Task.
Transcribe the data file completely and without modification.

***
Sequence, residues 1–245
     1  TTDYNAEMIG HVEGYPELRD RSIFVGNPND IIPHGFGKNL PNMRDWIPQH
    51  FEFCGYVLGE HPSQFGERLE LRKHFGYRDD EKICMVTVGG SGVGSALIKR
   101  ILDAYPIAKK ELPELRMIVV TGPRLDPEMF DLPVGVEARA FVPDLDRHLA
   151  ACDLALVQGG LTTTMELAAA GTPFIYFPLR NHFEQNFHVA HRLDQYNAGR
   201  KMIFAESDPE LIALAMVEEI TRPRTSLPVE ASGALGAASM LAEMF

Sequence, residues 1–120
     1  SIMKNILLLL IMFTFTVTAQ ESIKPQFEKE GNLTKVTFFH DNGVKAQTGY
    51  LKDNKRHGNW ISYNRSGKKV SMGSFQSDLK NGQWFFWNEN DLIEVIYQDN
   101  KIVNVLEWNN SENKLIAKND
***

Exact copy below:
Sequence, residues 1–245
     1  TTDYNAEMIG HVEGYPELRD RSIFVGNPND IIPHGFGKNL PNMRDWIPQH
    51  FEFCGYVLGE HPSQFGERLE LRKHFGYRDD EKICMVTVGG SGVGSALIKR
   101  ILDAYPIAKK ELPELRMIVV TGPRLDPEMF DLPVGVEARA FVPDLDRHLA
   151  ACDLALVQGG LTTTMELAAA GTPFIYFPLR NHFEQNFHVA HRLDQYNAGR
   201  KMIFAESDPE LIALAMVEEI TRPRTSLPVE ASGALGAASM LAEMF

Sequence, residues 1–120
     1  SIMKNILLLL IMFTFTVTAQ ESIKPQFEKE GNLTKVTFFH DNGVKAQTGY
    51  LKDNKRHGNW ISYNRSGKKV SMGSFQSDLK NGQWFFWNEN DLIEVIYQDN
   101  KIVNVLEWNN SENKLIAKND